Challenger Deep is about a teenage boy named Caden Bosch, who is on a voyage to Challenger Deep, the deepest point of the ocean. Caden is also a high school student who is beginning to act unusually. In this novel we follow Caden through both of these aspects of his life.
This book surprised me. I expected to like it, but instead I loved it. It’s beautifully and poetically written – some people might think it’s a bit too metaphorical/lyrical, but I think it worked incredibly well. It’s also a great examination of mental health, showing the reality without glamorizing or romanticizing anything.
When the Moon was Ours by Anna-Marie McLemore
Challenge: Host’s favorite genre (magical realism) + book you got because of the cover
Miel and Sam are best friends, inseparable and odd. Miel has roses that grow out of her wrist, and Sam creates moons that he hangs around their rural community. The two outsiders make sure to stay away from the Bonner girls, four sisters who are rumored to be witches. However, the Bonner sisters begin taking an interest in Miel’s roses, and attempt to use all her insecurities and secrets to get them.
When the Moon was Ours is a solid magical realism book. There’s Latinx, Pakistani, and trans representation in it, and from what I’ve read the representation is pretty good. I think I would’ve enjoyed this more if I read it at a different time, because after reading Challenger Deep I was a little burned out on highly poetic writing, which made this book hard to get into. My rating is also a bit lower because this book is focused heavily on romance, and I’m rarely interested in fictional romances.
After I read all 7 books on my TBR, I was still in a big reading mood. Within the 7 days of the Biannual Bibliothon, I read one graphic novel and two more books. I was a little exhausted, though, and picked out an assortment of books that were super easy and relaxing to read.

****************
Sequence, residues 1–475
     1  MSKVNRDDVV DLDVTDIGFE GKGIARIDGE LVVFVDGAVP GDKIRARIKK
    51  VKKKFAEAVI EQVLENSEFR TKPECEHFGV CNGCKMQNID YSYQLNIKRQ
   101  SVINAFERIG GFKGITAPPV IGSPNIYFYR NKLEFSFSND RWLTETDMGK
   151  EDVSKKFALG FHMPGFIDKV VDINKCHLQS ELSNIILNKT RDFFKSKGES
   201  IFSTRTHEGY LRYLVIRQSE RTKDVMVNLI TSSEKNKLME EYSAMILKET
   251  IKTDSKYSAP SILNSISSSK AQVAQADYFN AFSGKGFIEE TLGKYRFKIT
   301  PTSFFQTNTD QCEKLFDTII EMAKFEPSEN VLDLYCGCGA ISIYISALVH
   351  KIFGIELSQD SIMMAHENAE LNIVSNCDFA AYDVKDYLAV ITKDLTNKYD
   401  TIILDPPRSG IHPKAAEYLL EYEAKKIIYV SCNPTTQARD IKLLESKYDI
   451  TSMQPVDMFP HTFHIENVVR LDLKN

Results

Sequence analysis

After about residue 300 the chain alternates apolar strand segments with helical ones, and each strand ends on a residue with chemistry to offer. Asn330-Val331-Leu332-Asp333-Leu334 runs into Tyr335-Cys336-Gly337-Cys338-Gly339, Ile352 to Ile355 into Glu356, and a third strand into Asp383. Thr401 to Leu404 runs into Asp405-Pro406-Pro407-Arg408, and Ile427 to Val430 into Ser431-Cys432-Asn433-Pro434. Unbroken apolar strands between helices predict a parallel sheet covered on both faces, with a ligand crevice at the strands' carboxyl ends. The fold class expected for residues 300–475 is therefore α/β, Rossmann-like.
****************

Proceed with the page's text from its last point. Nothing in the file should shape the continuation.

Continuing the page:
Lumberjanes vol. 2: Friendship to the Max by Noelle Stevenson, Grace Ellis, Shannon Watters, Maarta Laiho, and Brooke A. Allen
Lumberjanes is a middle grade graphic novel series which follows the strange events that take place at a summer camp for the Lumberjanes, an organization for girls that is reminiscent of the Girl Scouts, but with more mythical creatures and magical adventures.
This graphic novel was so cute and fun! Volume 1 was my first graphic novel ever, and I really enjoyed it. I loved volume 2 even more, because we got more character development and a more complex plot. These graphic novels give me serious Gravity Falls vibes, but with a cast of diverse female protagonists. I love the Lumberjanes, and I’m excited to keep reading.
The Gauntlet by Karuna Riazi
During her twelfth birthday party, Farah and her two best friends get sucked into The Gauntlet, a mysterious mechanical board game. They must beat the game and find Farah’s younger brother in order to escape, or will be trapped in the game forever.
The Gauntlet was a lot of fun, and a book that I’m glad exists for younger readers. Farah is a spunky, intelligent hijabi girl, and this book brings Bangladeshi culture into a Jumanji-esque storyline. For all its diversity and fun, I commend this book. However, there were a few big plot holes (which I didn’t factor heavily into my rating because this is middle grade), and a few of the challenges were ridiculously easy or low-stakes. It was an enjoyable adventure, though!
The Lightning Dreamer: Cuba’s Greatest Abolitionist by Margarita Engle
The Lightning Dreamer is a historical fiction book in verse based on the true story of Gertrudis Gómez de Avellaneda, nicknamed Tula. Tula was a poet, novelist, and abolitionist who refused an arranged marriage and worked for the abolition of slavery and gender equality in 19th century Cuba.
I really wanted to love this book. Tula’s story is so interesting, and she’s a figure who I was excited to learn more about. However, this book didn’t hit the mark for me. I wasn’t a fan of the book being in verse, as it made it so we only got a line or two to show huge events. Therefore, nothing really seemed that important to me and I was surprised when the story ended, because I felt like we were still in exposition.
Those were all the things I read during Biannual Bibliothon / Booktubeathon! There’s still another day of Booktubeathon, but I probably won’t finish anything else. I started Citizen by Claudia Rankine today, which is the book my university selected for all incoming freshmen to read, but I plan on taking my time with it. Leave me a comment with any thoughts you had on these books, or your favorite book you read this week!